The E46 BMW M3 is a car loved by many enthusiasts but it always seems to me that the love is anything but unconditional. During its six year production run the third generation M3 had its fair share of issues that have led to it being a very divisive car. Many swear that these cars are the pinnacle of BMW engineering before they lost their way, others point to them as a prime example of what happens when a community is in denial. Honestly I don’t fall into either camp, but I can see how both sides would have a valid argument. On the one hand these cars can be your ticket to having insane amounts of naturally aspirated fun and on the other they can drain your savings account faster than a fantasy sports gambling site. As with any used vehicle there are specific years and specific issues you need to look out for: VANOS failure, cracking rear subframes, snapping rear springs and of course the whole SMG unit. Most of these issues affected all years of the E46 M3 but if you got your hands on a manual you could avoid that final one all together. However, there was one particular model that I think warrants consideration despite it being saddled with BMW’s fancy manumatic transmission, the M3 ZCP.
CLICK FOR DETAILS: 2006 BMW M3 ZCP
Engine: 3.2 litre inline-6
Transmission: 6-speed sequential manual
Mileage: 66,371 mi
Price: $29,950 Buy It Now
6-SPEED SEQUENTIAL MANUAL TRANSMISSION (SMG)
COMPETITION PKG -inc: 19″ x 8.0 front/19″ x 9.5 rear cross-spoke wheels w/P225/40R19 front/P255/35R19 rear performance tires alcantara steering wheel & handbrake Competition Pkg aluminum trim cross-drilled compound brakes M track mode for DSC more direct steering ratio
NAPPA LEATHER SEAT TRIM
ON-BOARD NAVIGATION SYSTEM
PREMIUM HARMON/KARDON SOUND SYSTEM
PREMIUM PKG -inc: pwr front seats w/driver memory adjustable seat width & lumbar support pwr moonroof BMW Assist
PWR FRONT SEATS W/DRIVER MEMORY
PWR GLASS MOONROOF
REAR PARK DISTANCE CONTROL
How good does a sports car have to be for one to consider purchasing it sans a third pedal? Damn frickin’ good and from what I am told, these cars qualify as such. The ZCP competition package took what was already an exceptionally good chassis and dialed it in even more. Having only driven one E46 M3, I’m not qualified to comment on just how different the ZCP cars are, but my go to BMW buddy has told me it doesn’t take long for them to feel like an extension of your body. He has only driven a manual equipped vehicle so I don’t have direct source on how SMG transmission effects the overall experience, but back in 2009 Road & Track did say that it was “one of their favorite sports cars of all time.” I wonder if they would still stand by that statement in today’s market? I should probably ask them one of these days.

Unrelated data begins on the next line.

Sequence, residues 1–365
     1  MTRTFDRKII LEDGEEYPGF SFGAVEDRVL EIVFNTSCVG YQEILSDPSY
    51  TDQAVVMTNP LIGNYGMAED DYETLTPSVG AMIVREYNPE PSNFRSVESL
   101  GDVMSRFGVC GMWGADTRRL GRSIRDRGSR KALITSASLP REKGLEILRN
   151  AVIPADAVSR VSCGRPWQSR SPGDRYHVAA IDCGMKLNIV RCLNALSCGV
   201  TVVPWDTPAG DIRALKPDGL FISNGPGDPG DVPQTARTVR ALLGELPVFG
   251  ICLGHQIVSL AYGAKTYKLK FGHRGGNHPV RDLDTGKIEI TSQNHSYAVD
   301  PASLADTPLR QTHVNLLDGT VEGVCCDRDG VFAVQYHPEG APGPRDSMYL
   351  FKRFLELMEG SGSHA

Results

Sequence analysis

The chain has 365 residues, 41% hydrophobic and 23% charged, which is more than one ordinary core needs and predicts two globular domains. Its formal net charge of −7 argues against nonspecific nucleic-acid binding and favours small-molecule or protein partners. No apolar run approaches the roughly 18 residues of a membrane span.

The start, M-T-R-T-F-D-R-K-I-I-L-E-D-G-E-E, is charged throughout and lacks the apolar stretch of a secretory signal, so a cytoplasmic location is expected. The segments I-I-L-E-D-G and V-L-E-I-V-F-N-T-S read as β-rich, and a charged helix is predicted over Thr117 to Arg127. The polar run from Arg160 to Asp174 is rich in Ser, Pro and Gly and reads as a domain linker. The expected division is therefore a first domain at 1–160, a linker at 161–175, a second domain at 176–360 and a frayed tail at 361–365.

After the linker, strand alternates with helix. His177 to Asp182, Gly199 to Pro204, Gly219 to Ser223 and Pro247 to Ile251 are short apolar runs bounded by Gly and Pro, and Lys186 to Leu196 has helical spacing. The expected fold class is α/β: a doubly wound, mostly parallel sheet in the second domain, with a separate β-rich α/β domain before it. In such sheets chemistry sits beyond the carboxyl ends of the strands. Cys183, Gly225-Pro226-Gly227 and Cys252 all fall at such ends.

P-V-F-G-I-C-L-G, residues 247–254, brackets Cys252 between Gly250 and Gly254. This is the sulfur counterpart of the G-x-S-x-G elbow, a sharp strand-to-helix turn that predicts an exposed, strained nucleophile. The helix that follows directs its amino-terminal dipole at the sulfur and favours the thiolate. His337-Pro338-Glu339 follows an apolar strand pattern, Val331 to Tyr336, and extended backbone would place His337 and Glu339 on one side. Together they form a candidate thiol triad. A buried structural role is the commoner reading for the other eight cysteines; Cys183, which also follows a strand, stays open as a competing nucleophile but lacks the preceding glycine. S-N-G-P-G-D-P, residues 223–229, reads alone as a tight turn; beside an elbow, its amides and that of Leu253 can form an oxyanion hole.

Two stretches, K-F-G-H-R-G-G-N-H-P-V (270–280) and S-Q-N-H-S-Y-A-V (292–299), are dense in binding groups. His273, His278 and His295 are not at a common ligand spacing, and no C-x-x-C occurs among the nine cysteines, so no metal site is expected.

Anyhow, this particular example of the M3 ZCP is covered in the very pretty, blueberry-esque, Interlagos Blue paint which is second only to the Oxford Green in my eyes. Inside the Nappa leather appears to have been well cared for over the past nine years and overall the interior shows very little sign of wear. This bodes well for the integrity of this car because many of the E46 M3s I’ve come across in my searches have absolutely thrashed interiors, especially the SMG equipped ones. I don’t know if that’s because the majority of people who opt for an automatic are simply less inclined to take care of their vehicles or if it’s just a coincidence but it’s what I’ve seen time and time again. This car continues to buck the trend with the Alcantara covered steering wheel and e-brake both appearing to be in great shape, always a problem area on these older cars. The 19″ BBS wheels are curb rash free, something you rarely see on these cars and even the original floor mats look tidy.
So given all of these pluses, the cleanliness, the relatively low miles, the desirable color, the endorsement from the wizards at Road & Track, would you be ok dropping nearly $30,000 on a track focused M3 without a third pedal? I can’t say I would be, in fact, I wouldn’t be ok with it at any price. I’ve learned my lesson with the S4. Don’t settle, you’ll only end up regretting it. Sports cars of this ilk are best enjoyed when you’re rowing your own gears but for those folks out there who can’t be bothered to learn how to do so, this is the car for them.